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American Institute of Physics



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Equations and formulas

Today I received the April/May 2003 issue of The Industrial Physicist (my first copy ever) and found it quite interesting, especially the letters and the article “Curve Fitting Made Easy,” by Marko Ledvij (p. 24). I would like to make Mr. Ledvij aware of a little- known detail of the English language— “formula” designates chemical compounds (H2O is the formula for water); “equation” should be used for all mathematical expressions that contain an equal sign, e.g., Y = A*exp(–X/X0)].

Allen Cedilote
WABCO Freight Car Products
Wilmerding, Pennsylvania

[Copy editor replies: Thank you for your comment. The Merriam-Webster Online dictionary defines a formula as “a general fact, rule, or principle expressed in usually mathematical symbols.” The word “rule” in that definition includes equations.]


In regard to your recent News Brief “20 watts of terahertz” (April/May, p. 9), even though I think the topic is interesting and the results described are important, I found the article to be sloppy and misleading about the terahertz field in general. A 20-W average-power terahertz source is impressive and will allow some nice measurements in the future. However, using accelerators to generate coherent terahertz radiation has been around for a long time, for example, at the Center for Terahertz Science and Technology at the University of California at Santa Barbara, and FELIX in The Netherlands.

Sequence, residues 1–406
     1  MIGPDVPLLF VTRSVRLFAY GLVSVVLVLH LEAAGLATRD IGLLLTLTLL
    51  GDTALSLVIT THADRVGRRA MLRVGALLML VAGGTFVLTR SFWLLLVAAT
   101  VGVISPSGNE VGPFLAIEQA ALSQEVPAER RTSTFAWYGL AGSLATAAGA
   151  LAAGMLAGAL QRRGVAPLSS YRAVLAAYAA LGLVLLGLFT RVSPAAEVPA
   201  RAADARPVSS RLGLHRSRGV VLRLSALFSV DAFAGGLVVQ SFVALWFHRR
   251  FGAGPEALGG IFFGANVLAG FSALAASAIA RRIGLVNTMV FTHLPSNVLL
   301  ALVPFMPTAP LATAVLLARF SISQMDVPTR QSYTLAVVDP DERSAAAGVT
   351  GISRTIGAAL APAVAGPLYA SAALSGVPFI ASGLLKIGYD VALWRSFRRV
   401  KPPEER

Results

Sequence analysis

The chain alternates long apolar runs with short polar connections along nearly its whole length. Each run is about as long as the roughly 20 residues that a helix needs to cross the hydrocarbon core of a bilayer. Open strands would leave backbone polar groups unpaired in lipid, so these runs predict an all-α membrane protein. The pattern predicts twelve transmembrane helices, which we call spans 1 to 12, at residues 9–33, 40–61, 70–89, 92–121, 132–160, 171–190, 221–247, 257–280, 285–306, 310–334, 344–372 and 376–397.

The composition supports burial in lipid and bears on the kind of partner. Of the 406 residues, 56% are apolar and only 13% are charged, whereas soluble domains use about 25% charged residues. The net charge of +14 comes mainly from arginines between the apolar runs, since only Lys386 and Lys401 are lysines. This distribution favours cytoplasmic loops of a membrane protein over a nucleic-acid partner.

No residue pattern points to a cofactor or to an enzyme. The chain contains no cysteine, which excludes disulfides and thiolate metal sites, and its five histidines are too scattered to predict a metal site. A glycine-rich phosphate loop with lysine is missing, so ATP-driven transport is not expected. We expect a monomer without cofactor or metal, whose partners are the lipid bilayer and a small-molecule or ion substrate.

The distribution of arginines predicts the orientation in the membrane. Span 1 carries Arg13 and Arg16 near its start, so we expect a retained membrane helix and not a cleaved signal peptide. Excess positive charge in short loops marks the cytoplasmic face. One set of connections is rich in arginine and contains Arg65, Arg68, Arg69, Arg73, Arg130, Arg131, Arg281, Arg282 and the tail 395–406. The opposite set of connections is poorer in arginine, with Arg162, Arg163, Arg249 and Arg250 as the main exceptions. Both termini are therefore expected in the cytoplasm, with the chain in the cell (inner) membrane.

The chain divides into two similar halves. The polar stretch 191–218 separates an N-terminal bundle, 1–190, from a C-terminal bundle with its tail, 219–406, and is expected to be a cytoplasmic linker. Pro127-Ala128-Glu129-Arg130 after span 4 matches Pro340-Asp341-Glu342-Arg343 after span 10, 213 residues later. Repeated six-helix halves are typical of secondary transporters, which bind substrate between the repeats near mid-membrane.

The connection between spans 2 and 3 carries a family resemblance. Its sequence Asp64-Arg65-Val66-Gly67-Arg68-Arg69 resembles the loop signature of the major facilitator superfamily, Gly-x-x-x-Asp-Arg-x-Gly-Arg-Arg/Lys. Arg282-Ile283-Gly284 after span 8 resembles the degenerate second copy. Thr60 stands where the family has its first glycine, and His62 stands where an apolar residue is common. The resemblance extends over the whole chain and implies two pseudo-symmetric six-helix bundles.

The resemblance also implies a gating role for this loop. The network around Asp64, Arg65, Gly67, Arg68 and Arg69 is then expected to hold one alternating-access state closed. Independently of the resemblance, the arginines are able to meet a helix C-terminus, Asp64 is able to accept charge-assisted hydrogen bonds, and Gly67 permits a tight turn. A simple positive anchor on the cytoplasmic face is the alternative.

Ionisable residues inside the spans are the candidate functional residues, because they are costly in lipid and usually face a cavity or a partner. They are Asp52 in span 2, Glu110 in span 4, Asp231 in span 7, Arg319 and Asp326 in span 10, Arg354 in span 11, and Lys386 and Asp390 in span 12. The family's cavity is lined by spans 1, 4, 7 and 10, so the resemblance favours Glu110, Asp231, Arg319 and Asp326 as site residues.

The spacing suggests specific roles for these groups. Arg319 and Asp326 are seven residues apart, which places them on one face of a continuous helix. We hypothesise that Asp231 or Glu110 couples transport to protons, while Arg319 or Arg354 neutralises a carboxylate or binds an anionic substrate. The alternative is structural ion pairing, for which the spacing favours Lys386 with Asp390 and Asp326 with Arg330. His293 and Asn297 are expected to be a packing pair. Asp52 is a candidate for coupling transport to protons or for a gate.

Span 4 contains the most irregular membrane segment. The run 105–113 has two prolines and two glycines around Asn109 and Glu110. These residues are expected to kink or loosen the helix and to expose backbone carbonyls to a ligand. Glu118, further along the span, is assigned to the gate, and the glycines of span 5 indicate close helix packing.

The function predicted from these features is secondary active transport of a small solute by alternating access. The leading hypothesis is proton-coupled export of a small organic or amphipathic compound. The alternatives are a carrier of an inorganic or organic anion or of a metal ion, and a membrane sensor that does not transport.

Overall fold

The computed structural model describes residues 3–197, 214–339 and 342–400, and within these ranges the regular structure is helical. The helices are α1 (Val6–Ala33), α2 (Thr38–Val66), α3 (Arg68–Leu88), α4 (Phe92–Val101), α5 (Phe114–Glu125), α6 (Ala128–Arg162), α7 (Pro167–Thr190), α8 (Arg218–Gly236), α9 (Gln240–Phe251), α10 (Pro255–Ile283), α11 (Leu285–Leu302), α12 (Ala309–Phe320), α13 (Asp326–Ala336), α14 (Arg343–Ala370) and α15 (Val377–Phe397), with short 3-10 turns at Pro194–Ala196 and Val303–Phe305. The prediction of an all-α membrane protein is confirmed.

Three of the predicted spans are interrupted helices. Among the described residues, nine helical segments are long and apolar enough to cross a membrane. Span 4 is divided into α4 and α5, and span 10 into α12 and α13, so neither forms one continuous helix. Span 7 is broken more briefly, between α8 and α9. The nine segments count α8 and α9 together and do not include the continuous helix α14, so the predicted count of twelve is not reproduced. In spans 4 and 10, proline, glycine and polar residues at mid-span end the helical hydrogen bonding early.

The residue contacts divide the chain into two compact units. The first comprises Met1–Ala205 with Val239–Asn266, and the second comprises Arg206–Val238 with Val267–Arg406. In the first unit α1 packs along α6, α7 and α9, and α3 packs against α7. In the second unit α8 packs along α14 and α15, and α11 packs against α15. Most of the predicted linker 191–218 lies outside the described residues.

The beginning of the second paragraph is in some sense correct in that the average power levels of most existing terahertz sources tend to be low compared with this new source, but many can exceed 1 mW. Some techniques are just limited by scaling, and, given the money and large enough accelerators, many smaller sources could be power-combined to yield 20 W as well. There just is not a driving force to do so.

The first paragraph makes it sound like the only gap in the spectrum is 100 to 300 µm, while the actual “gap” is much larger, if one is thinking of commercial devices. However, devices such as molecular gas lasers fill in many discrete portions of this range, and quantum cascade lasers and many other techniques also can be used in the terahertz range. These were not the point of the article, but they should not be disregarded by saying that there were no good coherent sources until recently.

The last thing I wish to point out is that terahertz radiation is also known as submillimeter (not submicrometer as stated in the first sentence). This is important because many people are claiming that terahertz is a new field of research, while a large amount of literature exists dating back decades that seems to be generally forgotten (or ignored). The technology is improving rapidly, but the field has been around for a long time.

Michael Wanke
Sandia National Laboratory
Albuquerque, New Mexico